The Kyoto University’s Institute for the Future of Human Society (IFOHS) is developing “Teraverse”, which aims to bring Buddhism to the forthcoming metaverse.
The Teraverse project will bring Buddhist art, philosophy, ritual, and practice to a globally available online community in the metaverse.
According to a press release, the Teraverse features temples of all shapes and sizes. Visitors can shoot lasers out of their faces too in this digital landscape.
The prefix “tera” can refer to the Japanese term for temple, or the Greek-derived term for trillion used in the metric system. The Teraverse may refer to the online platform for temples to reach new people or the vastness of the upcoming Buddhist digital landscape.
Seiji Kumagai, the associate professor of Buddhist Studies and Tibetan Studies at Kyoto University said that the Buddhist metaverse was aimed at offering “new ways to blend traditional knowledge and science.”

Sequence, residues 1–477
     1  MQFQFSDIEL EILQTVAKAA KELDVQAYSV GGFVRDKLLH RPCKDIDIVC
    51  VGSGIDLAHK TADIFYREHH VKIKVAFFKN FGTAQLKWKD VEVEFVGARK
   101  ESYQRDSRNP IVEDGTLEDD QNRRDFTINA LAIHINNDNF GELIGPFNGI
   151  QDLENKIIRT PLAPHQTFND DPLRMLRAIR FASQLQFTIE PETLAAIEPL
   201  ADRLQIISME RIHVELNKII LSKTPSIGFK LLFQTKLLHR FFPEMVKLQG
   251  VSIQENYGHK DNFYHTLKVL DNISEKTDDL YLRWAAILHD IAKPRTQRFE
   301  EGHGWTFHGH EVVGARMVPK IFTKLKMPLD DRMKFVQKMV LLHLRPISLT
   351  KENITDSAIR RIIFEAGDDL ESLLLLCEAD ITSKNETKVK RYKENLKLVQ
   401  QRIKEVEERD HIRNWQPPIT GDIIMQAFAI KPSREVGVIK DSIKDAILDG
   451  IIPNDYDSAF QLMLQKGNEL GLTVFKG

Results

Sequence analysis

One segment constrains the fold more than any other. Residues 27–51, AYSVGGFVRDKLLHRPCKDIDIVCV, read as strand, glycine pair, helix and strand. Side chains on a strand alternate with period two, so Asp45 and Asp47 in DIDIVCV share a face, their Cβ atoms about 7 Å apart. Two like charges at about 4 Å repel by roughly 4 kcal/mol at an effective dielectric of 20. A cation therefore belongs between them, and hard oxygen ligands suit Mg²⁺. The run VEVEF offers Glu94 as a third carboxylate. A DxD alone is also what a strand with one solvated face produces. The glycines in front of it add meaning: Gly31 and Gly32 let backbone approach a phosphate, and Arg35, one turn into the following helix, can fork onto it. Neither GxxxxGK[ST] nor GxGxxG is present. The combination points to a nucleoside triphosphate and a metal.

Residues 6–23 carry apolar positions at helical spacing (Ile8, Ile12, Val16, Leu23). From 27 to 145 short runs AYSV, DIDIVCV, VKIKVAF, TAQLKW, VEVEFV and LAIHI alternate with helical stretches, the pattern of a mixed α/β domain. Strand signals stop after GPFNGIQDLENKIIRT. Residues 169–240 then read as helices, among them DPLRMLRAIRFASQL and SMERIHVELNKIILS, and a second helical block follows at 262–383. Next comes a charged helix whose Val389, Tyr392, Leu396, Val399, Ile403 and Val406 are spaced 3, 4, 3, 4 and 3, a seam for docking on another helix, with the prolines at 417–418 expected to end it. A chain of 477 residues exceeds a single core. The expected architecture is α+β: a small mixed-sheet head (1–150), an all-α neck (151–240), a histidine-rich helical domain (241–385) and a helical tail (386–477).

He further said, “As an option in today’s diversified society, we hope they can bring understanding and enjoyment to people, creating new vitality and hope, and building a more vibrant society.”
Before Teraverse, came the “Buddhabot”, which uses AI to interact with users. The Buddhabot is trained on the Buddhist scriptures Sutta Nipata and Dhammapada using Google’s BERT machine learning algorithm.
The bot appears on the user’s mobile device screen overlaid on their actual surroundings as captured by the device’s back-facing camera.
Kumagai said, “Buddhist circles face a harsh reality with the income of temples waning, while people’s anxiety and suffering are growing amid the coronavirus pandemic and other crises. We’d like to respond to both challenges by combining traditional wisdom with AI and the metaverse.”
Both Buddhabot and Teraverse are not available to the public yet. The developers are being cautious and ensuring that the software and its use of the Buddha image are executed respectfully as they plan further releases of the system.
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